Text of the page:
The following morning was quite clear, presenting an excellent view of the fading Moon along with Venus and Mars. (Mars is a tiny dot to the left, or north, of the Moon’s crescent.) Pretty good for a camera perched on a stack of magazines, looking out a dirty second-story-porch window. (It would be a long story.)


Below is the chart for the same moment: the time as recorded by my camera. Jupiter was about to rise over the horizon, though still too close to the Sun to be seen. But the chart shows graphically that excellent planetary viewing will be possible, clear weather permitting, over the next couple of weeks. The Sun lengthens the distance from Jupiter, and Venus and Mars close the distance from the latter.


How easy and glorious it would be to see the planets and stars if so many millions of lives weren’t based in urban centers like the overbuilt Twin Cities, with its excess of shade and decorative trees and its plethora of light pollution sources. Viewing across a prairie landscape like the Sedan Brook Prairie would be both simple and hypnotic.


But except for a few mostly small remnants, the prairies are gone. What is left, in small towns dependent on spillover money from Big Agriculture — where every stop sign or bend in the road represents an opportunity for a disastrous spill from a tank truck loaded with anhydrous ammonia — are rueful reminders of what once, and for eons, was.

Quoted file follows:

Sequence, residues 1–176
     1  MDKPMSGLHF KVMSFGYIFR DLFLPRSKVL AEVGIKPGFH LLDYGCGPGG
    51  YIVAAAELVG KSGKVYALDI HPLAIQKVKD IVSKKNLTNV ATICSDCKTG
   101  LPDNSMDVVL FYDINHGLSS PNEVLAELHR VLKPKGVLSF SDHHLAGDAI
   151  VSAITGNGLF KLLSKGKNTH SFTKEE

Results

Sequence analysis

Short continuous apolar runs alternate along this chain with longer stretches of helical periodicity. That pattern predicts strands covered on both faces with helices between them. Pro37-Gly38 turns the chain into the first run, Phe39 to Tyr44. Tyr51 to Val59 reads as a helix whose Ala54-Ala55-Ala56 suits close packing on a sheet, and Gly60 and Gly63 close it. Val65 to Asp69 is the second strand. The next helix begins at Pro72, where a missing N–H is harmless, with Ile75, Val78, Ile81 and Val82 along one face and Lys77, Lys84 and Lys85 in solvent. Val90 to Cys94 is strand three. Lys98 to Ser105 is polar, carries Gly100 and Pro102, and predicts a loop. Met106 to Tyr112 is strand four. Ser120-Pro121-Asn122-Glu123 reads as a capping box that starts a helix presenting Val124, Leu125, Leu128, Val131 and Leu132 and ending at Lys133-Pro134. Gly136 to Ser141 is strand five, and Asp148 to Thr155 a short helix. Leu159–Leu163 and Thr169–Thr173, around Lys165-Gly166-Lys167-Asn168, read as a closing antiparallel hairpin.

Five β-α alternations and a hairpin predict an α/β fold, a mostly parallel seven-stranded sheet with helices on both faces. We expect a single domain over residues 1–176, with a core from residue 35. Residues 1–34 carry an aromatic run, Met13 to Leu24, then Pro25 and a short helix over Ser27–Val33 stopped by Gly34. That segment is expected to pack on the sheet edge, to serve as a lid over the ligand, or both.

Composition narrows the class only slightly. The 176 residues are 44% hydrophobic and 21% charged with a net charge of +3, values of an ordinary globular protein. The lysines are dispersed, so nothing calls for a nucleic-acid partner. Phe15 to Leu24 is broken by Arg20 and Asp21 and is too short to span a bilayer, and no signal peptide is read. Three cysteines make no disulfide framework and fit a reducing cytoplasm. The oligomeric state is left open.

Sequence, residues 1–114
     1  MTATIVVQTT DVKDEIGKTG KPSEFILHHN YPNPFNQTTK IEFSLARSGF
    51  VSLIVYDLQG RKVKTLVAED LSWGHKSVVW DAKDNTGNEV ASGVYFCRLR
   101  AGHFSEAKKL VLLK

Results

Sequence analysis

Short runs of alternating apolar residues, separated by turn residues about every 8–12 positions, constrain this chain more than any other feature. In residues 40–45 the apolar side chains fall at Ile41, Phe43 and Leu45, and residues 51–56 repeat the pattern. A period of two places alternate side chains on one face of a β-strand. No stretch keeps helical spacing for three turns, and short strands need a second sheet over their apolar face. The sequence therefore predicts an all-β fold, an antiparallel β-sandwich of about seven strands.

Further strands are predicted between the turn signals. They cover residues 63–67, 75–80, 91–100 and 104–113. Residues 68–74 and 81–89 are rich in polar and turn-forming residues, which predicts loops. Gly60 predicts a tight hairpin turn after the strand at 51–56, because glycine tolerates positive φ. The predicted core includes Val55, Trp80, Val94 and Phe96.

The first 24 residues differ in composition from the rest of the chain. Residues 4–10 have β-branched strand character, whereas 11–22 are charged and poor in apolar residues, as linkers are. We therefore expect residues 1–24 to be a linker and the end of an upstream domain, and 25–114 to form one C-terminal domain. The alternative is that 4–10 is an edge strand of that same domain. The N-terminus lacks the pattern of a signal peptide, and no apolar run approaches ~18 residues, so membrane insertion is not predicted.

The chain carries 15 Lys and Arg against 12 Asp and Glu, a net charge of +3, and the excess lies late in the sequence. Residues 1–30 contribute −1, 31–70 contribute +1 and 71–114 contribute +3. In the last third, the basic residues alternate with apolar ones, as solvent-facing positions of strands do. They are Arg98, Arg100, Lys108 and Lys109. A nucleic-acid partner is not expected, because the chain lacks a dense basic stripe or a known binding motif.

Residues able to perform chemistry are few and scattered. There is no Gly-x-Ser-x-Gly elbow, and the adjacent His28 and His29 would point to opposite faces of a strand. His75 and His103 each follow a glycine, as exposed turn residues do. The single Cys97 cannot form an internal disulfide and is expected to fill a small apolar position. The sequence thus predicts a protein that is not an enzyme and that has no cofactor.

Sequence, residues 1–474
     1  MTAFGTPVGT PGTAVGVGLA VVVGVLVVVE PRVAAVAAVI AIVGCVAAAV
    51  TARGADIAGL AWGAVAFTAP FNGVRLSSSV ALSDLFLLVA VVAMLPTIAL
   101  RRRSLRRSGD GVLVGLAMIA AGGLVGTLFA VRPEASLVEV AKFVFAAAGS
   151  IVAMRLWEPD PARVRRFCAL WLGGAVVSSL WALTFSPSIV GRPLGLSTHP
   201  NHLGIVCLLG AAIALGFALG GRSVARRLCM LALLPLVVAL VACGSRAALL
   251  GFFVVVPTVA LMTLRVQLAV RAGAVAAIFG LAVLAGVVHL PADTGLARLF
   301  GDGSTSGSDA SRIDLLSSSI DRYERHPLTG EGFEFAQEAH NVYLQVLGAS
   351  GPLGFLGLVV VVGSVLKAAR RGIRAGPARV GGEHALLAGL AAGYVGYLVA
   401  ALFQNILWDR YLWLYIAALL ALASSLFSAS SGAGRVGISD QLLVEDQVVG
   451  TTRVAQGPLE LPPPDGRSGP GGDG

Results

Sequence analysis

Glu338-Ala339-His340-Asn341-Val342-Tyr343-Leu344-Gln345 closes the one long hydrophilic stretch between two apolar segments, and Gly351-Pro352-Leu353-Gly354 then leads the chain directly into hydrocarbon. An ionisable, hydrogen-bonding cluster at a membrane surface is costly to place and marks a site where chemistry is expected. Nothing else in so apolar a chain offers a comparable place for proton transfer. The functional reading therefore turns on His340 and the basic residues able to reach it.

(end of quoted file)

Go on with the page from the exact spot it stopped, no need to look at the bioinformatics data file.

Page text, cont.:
Mercury Tricks 11/02/2015

Posted by zoidion in Weather.
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Twin Cities ephemera: Fortunately, it was a short walk — with only one skid and no fall — in the dark tonight, coming back from the bus stop. The temperature wasn’t terrible, but the wind was nasty — nearly blowing away the sweet memory of a walk in the sun only two days before, and the generally easy weather of the previous week.

Yesterday featured a rosy dawn, a classic indication of an imminent storm. And lo and behold, within a couple of hours a barrage of sleet was sounding on windows and settling into an icy sheet on every exposed surface. Just enough snow followed to obscure the slipperiest parts of any walking path.

Typically for this winter, it didn’t amount to much precipitation: two-tenths of an inch, with only three-tenths for all of January.

It seems a mean joke, and one that will stick around a while: The techno-weather forecast accords with my own cold one for the coming week, issued back in December. But as rude and unpleasant as the outdoor reality is here, the reports about some other areas are much worse, or just strange: recipients of Mercury’s tricks during the just-ended retrograde phase.

“Mercury retrograde,” commonly-dreaded three-week periods three times a year, relates to astro-weather study as a primary indicator of shifts in wind patterns. And in the past few weeks, in apparent retrograde motion, Mercury has transited for a second time over the place of Mars in the season chart of 21 December 2014. On 27 January, to be exact.